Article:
Grias Predated
Tuesday, January 13, 2009 at 10:31AM
[chuck] in Grias peruviana, Peru, Science, varzea forests

Grias peruviana (Lecythidaceae) is another varzea species that I studied while I was in Peru (see Camu-camu, Jenaro Herrera, Umberto Pacaya, Regeneration Surveys, and Yield Studies). The fruits of this tree, which are produced by caulifory along the trunk, are known locally as "sacha mangua" or faux mango.  They have bright orange pulp like a carrot, and a large football-shaped seed.

To quantify size-specific fruit yield, I marked several adult trees and made daily observations of flower and fruit development. During the period when the young fruits were maturing, I noticed each morning that several of the fruits had small scratches on them.  Just deep enough to cut through the skin and expose the pulp. The scratches continued appearing until the fruit reached maturity, at which point, rather than scratches, I would be greeted by the image above, i.e. a predated fruit with no seed.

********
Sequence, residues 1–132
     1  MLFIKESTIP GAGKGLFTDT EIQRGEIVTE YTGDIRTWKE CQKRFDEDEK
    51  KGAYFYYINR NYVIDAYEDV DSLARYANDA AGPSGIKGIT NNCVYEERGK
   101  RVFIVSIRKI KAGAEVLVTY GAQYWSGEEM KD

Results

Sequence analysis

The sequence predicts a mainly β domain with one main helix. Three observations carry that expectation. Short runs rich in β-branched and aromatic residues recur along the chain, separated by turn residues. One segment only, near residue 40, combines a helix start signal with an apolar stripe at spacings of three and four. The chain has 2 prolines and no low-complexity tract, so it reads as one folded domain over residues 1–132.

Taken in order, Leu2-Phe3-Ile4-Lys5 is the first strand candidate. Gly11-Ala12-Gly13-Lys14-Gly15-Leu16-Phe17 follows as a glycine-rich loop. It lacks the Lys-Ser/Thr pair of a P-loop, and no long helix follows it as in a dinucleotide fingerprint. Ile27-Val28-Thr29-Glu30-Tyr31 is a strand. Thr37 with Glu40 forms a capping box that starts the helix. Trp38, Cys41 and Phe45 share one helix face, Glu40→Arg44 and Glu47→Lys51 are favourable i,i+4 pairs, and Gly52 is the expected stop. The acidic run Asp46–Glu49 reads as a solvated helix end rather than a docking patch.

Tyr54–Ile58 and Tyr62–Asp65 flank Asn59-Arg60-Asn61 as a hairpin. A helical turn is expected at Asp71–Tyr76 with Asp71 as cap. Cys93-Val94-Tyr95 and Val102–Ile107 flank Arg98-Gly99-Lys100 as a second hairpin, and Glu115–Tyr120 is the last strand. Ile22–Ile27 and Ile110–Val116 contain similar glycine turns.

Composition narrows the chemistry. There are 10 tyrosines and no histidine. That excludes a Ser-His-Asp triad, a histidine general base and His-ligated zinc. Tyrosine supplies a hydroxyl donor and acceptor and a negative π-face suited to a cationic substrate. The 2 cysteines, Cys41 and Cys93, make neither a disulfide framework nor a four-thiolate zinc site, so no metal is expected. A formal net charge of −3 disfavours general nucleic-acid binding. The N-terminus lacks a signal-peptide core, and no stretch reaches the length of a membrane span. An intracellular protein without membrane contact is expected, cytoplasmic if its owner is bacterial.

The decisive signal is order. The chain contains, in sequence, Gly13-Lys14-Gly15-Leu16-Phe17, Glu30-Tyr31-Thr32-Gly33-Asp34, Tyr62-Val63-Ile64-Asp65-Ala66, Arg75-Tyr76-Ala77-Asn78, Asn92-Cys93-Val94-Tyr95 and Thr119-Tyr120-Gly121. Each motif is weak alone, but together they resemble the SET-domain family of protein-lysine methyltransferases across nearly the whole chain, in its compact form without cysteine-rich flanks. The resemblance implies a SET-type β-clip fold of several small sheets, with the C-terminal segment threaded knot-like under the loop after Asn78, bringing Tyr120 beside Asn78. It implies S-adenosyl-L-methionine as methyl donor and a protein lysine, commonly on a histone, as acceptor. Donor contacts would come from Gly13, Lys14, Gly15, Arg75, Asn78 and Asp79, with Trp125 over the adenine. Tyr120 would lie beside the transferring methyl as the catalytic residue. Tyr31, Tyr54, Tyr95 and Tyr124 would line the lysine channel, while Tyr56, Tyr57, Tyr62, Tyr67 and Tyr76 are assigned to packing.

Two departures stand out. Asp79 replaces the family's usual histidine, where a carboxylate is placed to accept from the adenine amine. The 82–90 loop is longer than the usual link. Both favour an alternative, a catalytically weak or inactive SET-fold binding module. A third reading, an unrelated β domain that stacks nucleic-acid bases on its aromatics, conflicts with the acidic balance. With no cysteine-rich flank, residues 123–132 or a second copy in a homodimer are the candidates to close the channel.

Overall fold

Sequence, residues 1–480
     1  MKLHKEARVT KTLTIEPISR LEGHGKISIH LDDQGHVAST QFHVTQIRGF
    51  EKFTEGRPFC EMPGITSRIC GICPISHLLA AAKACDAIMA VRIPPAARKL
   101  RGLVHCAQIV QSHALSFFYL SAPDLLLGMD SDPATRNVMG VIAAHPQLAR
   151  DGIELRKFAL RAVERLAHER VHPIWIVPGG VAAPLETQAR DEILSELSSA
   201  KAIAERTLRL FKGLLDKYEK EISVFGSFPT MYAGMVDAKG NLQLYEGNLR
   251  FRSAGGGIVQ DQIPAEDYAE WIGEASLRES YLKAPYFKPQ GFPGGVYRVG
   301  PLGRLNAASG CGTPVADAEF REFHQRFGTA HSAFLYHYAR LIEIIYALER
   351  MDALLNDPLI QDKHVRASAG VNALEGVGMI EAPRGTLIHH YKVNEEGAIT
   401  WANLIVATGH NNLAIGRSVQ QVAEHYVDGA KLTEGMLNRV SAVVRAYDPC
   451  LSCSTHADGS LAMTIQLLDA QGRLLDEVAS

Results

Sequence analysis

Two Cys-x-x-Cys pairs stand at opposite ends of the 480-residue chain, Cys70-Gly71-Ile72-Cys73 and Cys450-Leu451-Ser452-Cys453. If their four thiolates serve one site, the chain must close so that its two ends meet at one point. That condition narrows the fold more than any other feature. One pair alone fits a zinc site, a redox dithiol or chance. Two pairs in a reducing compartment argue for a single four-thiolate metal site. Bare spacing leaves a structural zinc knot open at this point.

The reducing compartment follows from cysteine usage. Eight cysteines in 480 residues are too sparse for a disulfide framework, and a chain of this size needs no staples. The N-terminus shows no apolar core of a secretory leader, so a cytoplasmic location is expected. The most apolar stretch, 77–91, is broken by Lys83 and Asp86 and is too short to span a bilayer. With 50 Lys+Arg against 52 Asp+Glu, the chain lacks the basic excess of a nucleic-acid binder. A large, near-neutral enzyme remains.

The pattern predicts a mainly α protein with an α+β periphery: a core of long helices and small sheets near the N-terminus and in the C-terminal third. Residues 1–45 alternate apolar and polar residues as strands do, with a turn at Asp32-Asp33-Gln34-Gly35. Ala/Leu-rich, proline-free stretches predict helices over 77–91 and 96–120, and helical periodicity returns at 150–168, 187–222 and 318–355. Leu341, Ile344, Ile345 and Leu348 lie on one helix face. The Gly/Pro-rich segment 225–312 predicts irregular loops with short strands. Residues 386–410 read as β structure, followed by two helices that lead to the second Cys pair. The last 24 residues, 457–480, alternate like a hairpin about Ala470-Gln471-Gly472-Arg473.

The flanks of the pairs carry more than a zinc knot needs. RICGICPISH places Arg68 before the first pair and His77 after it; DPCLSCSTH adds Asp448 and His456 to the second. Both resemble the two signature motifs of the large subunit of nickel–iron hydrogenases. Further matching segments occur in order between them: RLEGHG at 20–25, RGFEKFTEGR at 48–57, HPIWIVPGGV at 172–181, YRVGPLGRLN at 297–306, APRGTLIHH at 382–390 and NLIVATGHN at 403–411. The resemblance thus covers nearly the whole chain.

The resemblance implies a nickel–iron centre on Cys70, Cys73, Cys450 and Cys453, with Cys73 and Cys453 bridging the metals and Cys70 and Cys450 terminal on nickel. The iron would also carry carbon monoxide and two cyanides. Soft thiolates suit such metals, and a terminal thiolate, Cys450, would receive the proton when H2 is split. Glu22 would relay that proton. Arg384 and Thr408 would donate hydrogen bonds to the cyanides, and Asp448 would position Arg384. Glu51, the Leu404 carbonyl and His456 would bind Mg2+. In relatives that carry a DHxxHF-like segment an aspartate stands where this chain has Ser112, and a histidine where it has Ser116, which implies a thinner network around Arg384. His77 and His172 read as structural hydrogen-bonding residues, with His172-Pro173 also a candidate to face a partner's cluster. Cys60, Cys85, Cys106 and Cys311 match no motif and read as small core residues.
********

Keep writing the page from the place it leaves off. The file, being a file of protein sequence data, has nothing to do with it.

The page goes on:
It turned out that the culprits were squirrels, and each morning they would scratch the fruits to see if the pulp had started to turn that bright orange color which would indicate that the fruit, or more importantly, the protein-rich seed, had now reached maturity and was ready to eat.  Like a savvy shopper testing cantaloupes in the produce aisle.

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